Giantmicrobes Forum  

Go Back   Giantmicrobes Forum > Health & Education > In the Classroom

Reply
 
Thread Tools Display Modes
  #11  
Old 01-12-2006, 04:50 AM
GERMan
Guest
 
Posts: n/a
Default

Good point!
I once talked a teacher of mine into not omitting virology if I gave a talk about viruses. Now imagine if I would've had cuddly flu with me then to swing opinion for this topic

You could as well go for sickle cell anemia's prevalence in tropical countries. Since it deforms red blood cells (in which plasmodiae live, in turn) it helps in a way to fend off the disease. In northern hemispheres, however, the variation is not as prevalent as it shows only mild downsides there (no malaria, but still you can't breathe as well).
Funny point: While the cells deform, crystallizing proteins build up needles that actually "pin up" the plasmodium Mean, isn't it?
Reply With Quote
  #12  
Old 01-16-2006, 02:22 PM
kskerr's Avatar
kskerr kskerr is offline
Senior Member
 
Join Date: Oct 2005
Location: Ames, IA/Chicago, IL
Posts: 1,167
Default

As far as I know the blood cells start out as deformed and the paracites are never able to infect them because of it, I have never heard anything about them being pinned by a protein. It is interesting how a disease trait that would normally be selected against had the opposite happen to it because of a disease, a disease selecting for a disease.
__________________
~~Nonpathogenic microbes are our friends~~
Reply With Quote
  #13  
Old 02-27-2006, 06:08 PM
Giardia
Guest
 
Posts: n/a
Talking I've done it!

I brought my first batch of micobes to school right after Christmas break, and showed them to my science teacher. He loved them! He asked me to do a presentation in front of the class that day. I accepted, and everyone in my class thought they were cool! I just brought in another batch today, and he wants me to do another presentation tomorrow (today is February 27/06)!
Reply With Quote
  #14  
Old 03-01-2006, 04:45 PM
Askor
Guest
 
Posts: n/a
Default

I have never brought my microbes to school, but i have a friend who did. He named it Jimmy the Ulcer cell, and the teachers almost took it away.
Reply With Quote
  #15  
Old 03-04-2006, 02:34 PM
kskerr's Avatar
kskerr kskerr is offline
Senior Member
 
Join Date: Oct 2005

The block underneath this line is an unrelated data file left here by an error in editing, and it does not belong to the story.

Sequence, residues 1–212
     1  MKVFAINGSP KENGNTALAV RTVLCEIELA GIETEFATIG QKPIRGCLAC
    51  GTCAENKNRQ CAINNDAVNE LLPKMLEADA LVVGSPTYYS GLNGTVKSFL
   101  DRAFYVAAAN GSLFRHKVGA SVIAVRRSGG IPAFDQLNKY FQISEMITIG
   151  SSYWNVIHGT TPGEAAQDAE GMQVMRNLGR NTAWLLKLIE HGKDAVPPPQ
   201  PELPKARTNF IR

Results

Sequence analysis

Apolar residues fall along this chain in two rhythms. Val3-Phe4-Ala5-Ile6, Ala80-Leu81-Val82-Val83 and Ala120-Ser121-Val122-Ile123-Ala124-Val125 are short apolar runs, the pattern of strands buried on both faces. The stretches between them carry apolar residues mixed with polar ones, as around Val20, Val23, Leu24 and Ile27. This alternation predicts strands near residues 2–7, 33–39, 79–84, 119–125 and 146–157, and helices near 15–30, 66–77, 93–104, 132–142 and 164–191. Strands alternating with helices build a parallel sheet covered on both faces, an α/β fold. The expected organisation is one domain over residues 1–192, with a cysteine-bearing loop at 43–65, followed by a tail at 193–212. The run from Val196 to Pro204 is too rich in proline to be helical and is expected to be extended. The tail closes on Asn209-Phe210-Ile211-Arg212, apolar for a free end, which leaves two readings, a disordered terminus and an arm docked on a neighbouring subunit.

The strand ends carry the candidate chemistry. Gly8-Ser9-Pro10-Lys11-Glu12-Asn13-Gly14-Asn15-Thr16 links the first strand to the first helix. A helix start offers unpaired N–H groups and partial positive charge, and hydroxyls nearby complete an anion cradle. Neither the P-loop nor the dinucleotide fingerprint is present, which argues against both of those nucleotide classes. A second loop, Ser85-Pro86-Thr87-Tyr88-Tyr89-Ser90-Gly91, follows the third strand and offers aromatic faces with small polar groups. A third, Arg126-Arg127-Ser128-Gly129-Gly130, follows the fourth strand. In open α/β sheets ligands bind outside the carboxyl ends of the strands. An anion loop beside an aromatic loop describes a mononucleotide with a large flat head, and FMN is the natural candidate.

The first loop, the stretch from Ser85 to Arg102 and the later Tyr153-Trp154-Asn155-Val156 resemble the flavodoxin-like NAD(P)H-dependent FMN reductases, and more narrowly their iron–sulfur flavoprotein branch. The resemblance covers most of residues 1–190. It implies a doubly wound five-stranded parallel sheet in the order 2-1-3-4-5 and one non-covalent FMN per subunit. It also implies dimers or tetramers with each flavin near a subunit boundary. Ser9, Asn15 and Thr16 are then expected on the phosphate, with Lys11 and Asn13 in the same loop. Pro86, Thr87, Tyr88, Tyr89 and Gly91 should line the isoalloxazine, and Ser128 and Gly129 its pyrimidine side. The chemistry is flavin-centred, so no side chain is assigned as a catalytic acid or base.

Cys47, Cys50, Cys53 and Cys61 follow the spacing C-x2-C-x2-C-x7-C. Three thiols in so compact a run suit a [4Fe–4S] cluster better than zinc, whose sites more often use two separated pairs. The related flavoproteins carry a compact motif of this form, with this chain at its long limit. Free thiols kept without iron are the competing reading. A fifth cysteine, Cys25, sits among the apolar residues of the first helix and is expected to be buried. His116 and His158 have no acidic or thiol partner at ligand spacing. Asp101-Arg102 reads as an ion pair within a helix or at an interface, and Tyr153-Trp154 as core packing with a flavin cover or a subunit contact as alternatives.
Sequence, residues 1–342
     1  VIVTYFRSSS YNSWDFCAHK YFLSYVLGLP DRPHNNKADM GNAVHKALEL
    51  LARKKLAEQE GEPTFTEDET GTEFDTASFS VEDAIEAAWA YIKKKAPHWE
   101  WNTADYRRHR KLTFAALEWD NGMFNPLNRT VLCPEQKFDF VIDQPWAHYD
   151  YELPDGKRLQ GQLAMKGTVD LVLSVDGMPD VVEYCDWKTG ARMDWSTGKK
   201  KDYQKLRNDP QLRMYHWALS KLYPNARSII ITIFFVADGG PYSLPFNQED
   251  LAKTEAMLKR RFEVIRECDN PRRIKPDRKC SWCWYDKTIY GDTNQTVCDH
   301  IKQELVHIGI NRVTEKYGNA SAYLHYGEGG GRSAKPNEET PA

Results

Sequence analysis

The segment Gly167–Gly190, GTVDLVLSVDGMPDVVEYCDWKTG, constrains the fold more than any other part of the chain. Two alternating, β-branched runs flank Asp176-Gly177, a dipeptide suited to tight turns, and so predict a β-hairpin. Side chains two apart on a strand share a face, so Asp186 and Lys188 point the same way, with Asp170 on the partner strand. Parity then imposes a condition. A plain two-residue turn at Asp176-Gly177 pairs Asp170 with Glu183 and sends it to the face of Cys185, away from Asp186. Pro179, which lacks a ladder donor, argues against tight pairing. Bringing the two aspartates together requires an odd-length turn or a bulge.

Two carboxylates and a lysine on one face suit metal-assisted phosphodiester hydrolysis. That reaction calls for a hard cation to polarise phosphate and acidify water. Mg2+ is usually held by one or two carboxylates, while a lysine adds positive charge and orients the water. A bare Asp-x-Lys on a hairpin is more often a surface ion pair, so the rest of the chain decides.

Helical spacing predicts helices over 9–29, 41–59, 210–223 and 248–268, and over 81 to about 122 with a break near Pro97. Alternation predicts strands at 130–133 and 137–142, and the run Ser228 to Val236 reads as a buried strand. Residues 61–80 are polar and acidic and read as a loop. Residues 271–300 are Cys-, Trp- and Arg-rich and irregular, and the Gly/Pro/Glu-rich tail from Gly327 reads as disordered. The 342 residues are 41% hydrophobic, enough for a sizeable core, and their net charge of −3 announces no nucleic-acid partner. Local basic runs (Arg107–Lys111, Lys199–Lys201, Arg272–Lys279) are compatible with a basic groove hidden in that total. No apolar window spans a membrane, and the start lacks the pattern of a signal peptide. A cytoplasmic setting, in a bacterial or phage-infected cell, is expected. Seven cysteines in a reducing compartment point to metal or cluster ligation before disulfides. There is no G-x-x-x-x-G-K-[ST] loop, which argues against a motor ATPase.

Location: Ames, IA/Chicago, IL
Posts: 1,167
Wink

Microbes descrimination I say! Call her a microphobe or something (though not to her face, she is still the teacher and deserves respect). Next time your friend should explain the educational potential of the plush and perhaps offer to let her use if she is going to give a lecture on something involving bacteria. Also if he was being disruptive with it that is microbe abuse, tsk tsk!
__________________
~~Nonpathogenic microbes are our friends~~
Reply With Quote
  #16  
Old 03-04-2006, 03:31 PM
Shark's Protein
Guest
 
Posts: n/a
Default

Quote:
Originally Posted by Emily
If I brought my GIANTmicrobes to school, they'd probably tell me to not take them anymore. We are not allowed to have stuffed animals at school, no matter how educational or awesome they are.'em?
Technically, they aren't stuffed ANIMALS...
Reply With Quote
  #17  
Old 03-04-2006, 04:58 PM
kskerr's Avatar
kskerr kskerr is offline
Senior Member
 
Join Date: Oct 2005
Location: Ames, IA/Chicago, IL
Posts: 1,167
Default

Shark is right, we should not insult them by calling them animals !
__________________
~~Nonpathogenic microbes are our friends~~
Reply With Quote
  #18  
Old 03-21-2006, 12:12 PM
puffazoid
Guest
 
Posts: n/a
Talking ...

well, i homeschool so it's perfectly fine with my mom (who also loves them.) to bring them to school, because it is my house...
Reply With Quote
  #19  
Old 03-28-2006, 07:23 PM
kskerr's Avatar
kskerr kskerr is offline
Senior Member
 
Join Date: Oct 2005
Location: Ames, IA/Chicago, IL
Posts: 1,167
Default

If I get into the lab I want I might get an extra pimple plush and hang it over my lab bench at school since it is a relative of what would be my research organism...
__________________
~~Nonpathogenic microbes are our friends~~
Reply With Quote
  #20  
Old 03-29-2006, 05:25 AM
GERMan
Guest
 
Posts: n/a
Default

I don't take them to the lab, so they can't get stained/contaminated and stay huggable.
Seriously, I wouldn't risk having any of them confiscated but that's just me... ("My... precious!") Now if a science teacher likes them, that's cool!

Also wanted to let you know I used pictures of Mono in a current presentation. It was "customer action shots" from a geek cubicle/household stuff retailer online, and I used it to illustrate Mono transmission via kissing
Still, the place for me to buy my microbes remains science museums or the original websites.
Reply With Quote
Reply

Thread Tools
Display Modes

Posting Rules
You may not post new threads
You may not post replies
You may not post attachments
You may not edit your posts

BB code is On
Smilies are On
[IMG] code is On
HTML code is Off

Forum Jump


All times are GMT -5. The time now is 04:04 AM.